Automobile drivers are protected from the elements by a roof, windshield, doors, and windows.  Motorcycle drivers are not.  Cars have windshield wipers and washers to assist with visibility in rain and snow.  Motorcycles do not.  Motorcyclists should avoid riding inclement weather unless it is really necessary and should exercise extreme precaution when doing so. 


Hitting a small animal can throw a motorcycle off balance and cause an accident.  Large animals, like deer, are a major hazard in areas with large deer populations.  Hitting a deer while riding a motorcycle can be fatal, especially while driving at high speed. 

Dogs can be a problem for motorcyclists.  Hitting a dog can result in death or serious injury for the rider, but hitting a dog is not the only bad outcome.  Off-leash dogs can cause the motorcyclist to swerve, lose control, run off the road, or otherwise cause a serious accident.  In this case, the dog owner or person responsible for the dog is responsible for the accident.  San Diego leash laws require that dogs must be kept on a leash at all times except when confined to a home or backyard (or at a designated dog park).

Drunk motorists

Drunk motorists are especially dangerous for motorcycle riders because motorcycles offer almost no protection in a collision.  Motorcycle riders should always be watching for erratic drivers and keep as much distance from them as possible, especially when riding at night.  Signs that a driver is intoxicated include swerving, erratic acceleration, or deceleration, driving well above or well below the speed limit, driving with headlights off at night, collisions or near collisions, stopping or turning abruptly, driving down the wrong side of the road, veering across lanes, failure to follow traffic signals and slow response time.  When a drunk motorist causes an accident, they are responsible for all the damage they cause.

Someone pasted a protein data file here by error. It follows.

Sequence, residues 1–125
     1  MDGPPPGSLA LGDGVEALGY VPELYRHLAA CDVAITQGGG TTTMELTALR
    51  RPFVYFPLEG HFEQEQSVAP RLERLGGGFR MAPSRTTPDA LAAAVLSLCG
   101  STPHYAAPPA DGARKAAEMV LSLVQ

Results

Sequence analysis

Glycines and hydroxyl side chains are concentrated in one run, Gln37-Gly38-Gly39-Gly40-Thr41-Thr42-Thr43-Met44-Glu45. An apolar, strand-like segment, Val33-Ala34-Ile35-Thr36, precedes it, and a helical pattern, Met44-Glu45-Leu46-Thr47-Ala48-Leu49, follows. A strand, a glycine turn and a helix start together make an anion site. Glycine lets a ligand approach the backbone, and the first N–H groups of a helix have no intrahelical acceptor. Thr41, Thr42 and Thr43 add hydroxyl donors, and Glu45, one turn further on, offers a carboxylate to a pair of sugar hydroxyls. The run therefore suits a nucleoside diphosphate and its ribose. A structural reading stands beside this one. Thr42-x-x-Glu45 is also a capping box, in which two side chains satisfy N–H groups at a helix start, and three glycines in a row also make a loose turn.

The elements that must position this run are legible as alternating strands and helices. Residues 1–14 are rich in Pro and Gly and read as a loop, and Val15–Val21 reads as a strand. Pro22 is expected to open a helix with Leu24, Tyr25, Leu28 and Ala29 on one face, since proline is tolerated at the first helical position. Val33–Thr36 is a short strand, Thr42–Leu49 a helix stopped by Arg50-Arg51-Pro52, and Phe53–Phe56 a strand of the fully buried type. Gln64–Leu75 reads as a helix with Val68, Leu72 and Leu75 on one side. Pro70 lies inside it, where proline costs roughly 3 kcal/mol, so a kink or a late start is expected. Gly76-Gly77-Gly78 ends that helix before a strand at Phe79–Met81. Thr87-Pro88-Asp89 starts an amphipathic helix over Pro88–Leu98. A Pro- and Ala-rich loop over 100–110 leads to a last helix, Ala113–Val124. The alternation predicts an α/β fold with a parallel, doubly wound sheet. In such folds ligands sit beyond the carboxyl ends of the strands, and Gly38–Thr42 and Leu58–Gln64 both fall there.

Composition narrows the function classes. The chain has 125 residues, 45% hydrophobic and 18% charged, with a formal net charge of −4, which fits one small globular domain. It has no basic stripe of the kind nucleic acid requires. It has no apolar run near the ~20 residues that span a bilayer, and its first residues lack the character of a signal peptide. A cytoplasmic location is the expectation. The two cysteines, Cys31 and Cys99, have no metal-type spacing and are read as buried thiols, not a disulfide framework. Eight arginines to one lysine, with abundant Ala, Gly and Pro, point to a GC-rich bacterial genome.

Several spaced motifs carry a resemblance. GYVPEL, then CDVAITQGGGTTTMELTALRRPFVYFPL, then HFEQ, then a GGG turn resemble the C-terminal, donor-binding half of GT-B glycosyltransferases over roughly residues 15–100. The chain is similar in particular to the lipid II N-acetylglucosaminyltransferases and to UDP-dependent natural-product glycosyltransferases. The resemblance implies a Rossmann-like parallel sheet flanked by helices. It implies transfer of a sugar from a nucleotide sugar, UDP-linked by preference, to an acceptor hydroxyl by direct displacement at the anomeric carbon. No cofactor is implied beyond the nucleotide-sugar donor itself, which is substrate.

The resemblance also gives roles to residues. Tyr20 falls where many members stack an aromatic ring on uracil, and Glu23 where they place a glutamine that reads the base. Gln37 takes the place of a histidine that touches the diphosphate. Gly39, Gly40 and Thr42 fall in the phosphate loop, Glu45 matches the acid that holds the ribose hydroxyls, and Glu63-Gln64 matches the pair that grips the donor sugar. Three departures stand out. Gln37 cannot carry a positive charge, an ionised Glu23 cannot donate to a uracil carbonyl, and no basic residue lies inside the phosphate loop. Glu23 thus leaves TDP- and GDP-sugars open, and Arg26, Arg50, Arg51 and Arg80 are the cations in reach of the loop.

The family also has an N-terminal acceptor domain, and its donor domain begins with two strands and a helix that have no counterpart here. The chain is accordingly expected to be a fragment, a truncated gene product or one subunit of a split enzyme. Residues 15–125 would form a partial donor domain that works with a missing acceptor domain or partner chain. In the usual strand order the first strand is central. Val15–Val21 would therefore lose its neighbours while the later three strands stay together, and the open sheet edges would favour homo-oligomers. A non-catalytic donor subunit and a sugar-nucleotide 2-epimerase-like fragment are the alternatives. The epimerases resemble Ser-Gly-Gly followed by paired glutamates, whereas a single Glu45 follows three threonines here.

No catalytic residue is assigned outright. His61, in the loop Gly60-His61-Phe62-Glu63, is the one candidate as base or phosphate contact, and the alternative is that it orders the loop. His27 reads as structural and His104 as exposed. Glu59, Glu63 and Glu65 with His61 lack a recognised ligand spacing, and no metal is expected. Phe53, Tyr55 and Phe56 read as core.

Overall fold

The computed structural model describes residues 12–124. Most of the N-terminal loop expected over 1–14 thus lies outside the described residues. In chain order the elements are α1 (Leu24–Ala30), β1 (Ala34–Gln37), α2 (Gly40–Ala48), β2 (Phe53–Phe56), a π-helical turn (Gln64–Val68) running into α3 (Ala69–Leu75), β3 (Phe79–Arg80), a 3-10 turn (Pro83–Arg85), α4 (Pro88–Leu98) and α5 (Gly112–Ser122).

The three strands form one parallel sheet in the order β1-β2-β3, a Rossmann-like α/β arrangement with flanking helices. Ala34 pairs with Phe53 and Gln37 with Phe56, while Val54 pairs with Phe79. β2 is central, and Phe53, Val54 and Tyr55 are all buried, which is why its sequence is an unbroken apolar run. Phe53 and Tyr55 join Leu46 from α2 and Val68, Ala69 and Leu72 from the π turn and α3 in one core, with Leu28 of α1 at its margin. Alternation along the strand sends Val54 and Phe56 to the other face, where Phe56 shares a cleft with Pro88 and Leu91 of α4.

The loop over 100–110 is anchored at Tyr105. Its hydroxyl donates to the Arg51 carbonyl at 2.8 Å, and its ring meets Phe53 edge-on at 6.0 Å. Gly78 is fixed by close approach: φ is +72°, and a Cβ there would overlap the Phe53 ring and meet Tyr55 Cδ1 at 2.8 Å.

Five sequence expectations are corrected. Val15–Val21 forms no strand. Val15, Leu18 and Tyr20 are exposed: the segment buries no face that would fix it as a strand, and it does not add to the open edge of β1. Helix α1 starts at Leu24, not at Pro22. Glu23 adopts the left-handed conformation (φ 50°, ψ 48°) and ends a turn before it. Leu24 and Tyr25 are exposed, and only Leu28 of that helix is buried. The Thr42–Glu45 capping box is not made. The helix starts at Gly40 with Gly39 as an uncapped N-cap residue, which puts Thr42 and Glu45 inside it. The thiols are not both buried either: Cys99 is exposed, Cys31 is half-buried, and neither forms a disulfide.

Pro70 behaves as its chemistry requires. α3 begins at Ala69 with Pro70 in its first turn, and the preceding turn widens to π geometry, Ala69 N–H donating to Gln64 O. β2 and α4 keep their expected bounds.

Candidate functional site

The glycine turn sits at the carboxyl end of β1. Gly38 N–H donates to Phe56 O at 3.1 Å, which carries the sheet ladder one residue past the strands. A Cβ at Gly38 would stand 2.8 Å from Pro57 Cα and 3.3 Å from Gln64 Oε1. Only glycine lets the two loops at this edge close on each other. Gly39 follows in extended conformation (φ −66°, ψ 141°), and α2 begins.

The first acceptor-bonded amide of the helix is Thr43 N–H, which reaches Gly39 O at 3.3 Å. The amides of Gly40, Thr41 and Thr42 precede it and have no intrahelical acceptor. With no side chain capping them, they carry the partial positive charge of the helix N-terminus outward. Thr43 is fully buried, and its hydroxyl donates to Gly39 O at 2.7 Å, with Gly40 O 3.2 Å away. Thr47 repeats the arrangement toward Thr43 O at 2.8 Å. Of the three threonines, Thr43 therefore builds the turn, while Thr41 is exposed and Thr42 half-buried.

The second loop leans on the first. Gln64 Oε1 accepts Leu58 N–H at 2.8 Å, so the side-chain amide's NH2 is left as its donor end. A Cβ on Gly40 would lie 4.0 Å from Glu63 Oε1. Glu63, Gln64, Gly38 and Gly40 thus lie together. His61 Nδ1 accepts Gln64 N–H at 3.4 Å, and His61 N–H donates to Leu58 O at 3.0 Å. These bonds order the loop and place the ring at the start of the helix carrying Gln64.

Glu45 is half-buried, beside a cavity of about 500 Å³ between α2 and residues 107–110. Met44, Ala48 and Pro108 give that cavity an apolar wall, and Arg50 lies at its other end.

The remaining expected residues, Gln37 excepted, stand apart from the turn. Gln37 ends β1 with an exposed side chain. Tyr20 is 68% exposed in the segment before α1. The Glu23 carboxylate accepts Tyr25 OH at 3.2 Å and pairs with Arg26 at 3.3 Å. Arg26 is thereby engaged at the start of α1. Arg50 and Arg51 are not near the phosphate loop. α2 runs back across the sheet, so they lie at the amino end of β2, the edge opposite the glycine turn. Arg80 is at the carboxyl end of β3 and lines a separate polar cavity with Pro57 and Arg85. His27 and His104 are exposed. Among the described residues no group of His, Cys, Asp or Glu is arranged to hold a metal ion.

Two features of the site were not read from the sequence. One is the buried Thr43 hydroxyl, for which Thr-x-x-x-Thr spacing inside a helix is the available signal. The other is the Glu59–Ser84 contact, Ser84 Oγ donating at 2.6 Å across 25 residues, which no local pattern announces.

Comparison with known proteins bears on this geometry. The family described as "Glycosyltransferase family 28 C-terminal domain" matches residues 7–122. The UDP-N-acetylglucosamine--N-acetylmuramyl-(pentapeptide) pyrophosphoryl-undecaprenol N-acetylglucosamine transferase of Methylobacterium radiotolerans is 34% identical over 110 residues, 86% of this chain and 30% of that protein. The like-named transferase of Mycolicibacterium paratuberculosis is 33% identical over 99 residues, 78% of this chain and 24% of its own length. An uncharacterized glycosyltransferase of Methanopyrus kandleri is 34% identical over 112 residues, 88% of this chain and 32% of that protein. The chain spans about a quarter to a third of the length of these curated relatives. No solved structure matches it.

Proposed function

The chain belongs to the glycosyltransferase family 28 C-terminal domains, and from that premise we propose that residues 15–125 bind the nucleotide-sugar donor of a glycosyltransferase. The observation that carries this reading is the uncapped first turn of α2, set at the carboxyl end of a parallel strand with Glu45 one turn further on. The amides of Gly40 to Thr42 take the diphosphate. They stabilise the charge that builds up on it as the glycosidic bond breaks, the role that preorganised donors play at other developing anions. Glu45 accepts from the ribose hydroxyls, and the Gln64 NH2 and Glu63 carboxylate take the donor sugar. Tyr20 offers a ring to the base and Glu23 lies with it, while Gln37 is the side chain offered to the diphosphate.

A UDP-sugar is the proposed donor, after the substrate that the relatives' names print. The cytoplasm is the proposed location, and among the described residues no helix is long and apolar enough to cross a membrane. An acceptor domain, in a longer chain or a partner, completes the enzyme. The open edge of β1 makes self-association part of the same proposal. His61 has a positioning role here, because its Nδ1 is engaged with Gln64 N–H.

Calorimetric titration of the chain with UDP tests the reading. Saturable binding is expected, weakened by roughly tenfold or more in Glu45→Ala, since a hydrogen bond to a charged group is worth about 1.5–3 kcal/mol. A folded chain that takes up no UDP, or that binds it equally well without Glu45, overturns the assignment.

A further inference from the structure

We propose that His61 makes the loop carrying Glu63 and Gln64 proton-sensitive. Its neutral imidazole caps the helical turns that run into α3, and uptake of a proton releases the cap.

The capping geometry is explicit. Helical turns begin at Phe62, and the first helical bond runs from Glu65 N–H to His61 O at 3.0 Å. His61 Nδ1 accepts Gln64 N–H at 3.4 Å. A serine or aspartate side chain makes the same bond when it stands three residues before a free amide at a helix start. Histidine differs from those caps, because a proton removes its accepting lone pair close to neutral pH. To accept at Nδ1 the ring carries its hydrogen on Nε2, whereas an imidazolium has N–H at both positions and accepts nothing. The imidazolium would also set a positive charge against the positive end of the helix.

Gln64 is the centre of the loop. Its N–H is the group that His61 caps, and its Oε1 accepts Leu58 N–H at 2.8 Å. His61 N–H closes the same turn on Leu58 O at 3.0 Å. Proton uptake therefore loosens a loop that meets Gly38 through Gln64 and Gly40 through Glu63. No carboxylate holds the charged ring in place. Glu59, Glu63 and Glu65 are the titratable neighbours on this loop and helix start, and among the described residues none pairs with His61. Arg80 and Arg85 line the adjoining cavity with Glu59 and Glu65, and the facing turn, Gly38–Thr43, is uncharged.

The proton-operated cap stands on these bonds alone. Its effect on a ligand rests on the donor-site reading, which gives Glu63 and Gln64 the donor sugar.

The National Highway Traffic Safety Administration (NHTSA) reports that approximately 50 percent of motorcycle-vehicle collisions occur at intersections.  Intersections where vision is impeded by buildings, plants, or parked vehicles are especially dangerous for motorcycles.  Some of the most common causes of motorcycle accidents at intersections are speeding, running red lights, distracted driving, failing to see a stopped motorcycle, and failing to yield while making a left turn.

Left-hand turns

Left-hand turn accidents occur when a driver fails to yield and makes a left-hand turn in front of another driver.  During a left turn, drivers must cross the path of oncoming traffic. As such, left-hand turns pose the risk of a driver turning in front of a driver traveling in the opposite direction.  This risk is much greater for motorcycles due to their narrow profile, which makes it more difficult for other drivers to see them and judge their distance.  The NHTSA reports that 42 percent of fatal motorcycle crashes occur when a vehicle makes a left turn in front of a motorcycle.